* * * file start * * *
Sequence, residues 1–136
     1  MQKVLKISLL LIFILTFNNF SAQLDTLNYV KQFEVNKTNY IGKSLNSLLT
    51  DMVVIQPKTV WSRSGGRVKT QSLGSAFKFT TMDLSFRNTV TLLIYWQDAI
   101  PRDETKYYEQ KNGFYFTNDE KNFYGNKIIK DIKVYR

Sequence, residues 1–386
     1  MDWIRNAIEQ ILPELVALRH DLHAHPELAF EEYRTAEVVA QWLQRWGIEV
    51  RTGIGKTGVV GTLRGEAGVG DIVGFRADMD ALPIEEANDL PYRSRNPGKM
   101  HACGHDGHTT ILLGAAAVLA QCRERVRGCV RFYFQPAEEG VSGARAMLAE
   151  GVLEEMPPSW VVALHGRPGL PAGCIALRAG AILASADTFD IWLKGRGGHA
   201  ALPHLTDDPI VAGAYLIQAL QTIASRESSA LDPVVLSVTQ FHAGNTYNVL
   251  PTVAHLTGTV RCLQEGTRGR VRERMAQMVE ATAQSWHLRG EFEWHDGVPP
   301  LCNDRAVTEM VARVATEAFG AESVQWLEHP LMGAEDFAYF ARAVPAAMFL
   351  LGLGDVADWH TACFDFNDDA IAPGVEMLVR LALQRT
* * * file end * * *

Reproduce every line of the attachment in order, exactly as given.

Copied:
Sequence, residues 1–136
     1  MQKVLKISLL LIFILTFNNF SAQLDTLNYV KQFEVNKTNY IGKSLNSLLT
    51  DMVVIQPKTV WSRSGGRVKT QSLGSAFKFT TMDLSFRNTV TLLIYWQDAI
   101  PRDETKYYEQ KNGFYFTNDE KNFYGNKIIK DIKVYR

Sequence, residues 1–386
     1  MDWIRNAIEQ ILPELVALRH DLHAHPELAF EEYRTAEVVA QWLQRWGIEV
    51  RTGIGKTGVV GTLRGEAGVG DIVGFRADMD ALPIEEANDL PYRSRNPGKM
   101  HACGHDGHTT ILLGAAAVLA QCRERVRGCV RFYFQPAEEG VSGARAMLAE
   151  GVLEEMPPSW VVALHGRPGL PAGCIALRAG AILASADTFD IWLKGRGGHA
   201  ALPHLTDDPI VAGAYLIQAL QTIASRESSA LDPVVLSVTQ FHAGNTYNVL
   251  PTVAHLTGTV RCLQEGTRGR VRERMAQMVE ATAQSWHLRG EFEWHDGVPP
   301  LCNDRAVTEM VARVATEAFG AESVQWLEHP LMGAEDFAYF ARAVPAAMFL
   351  LGLGDVADWH TACFDFNDDA IAPGVEMLVR LALQRT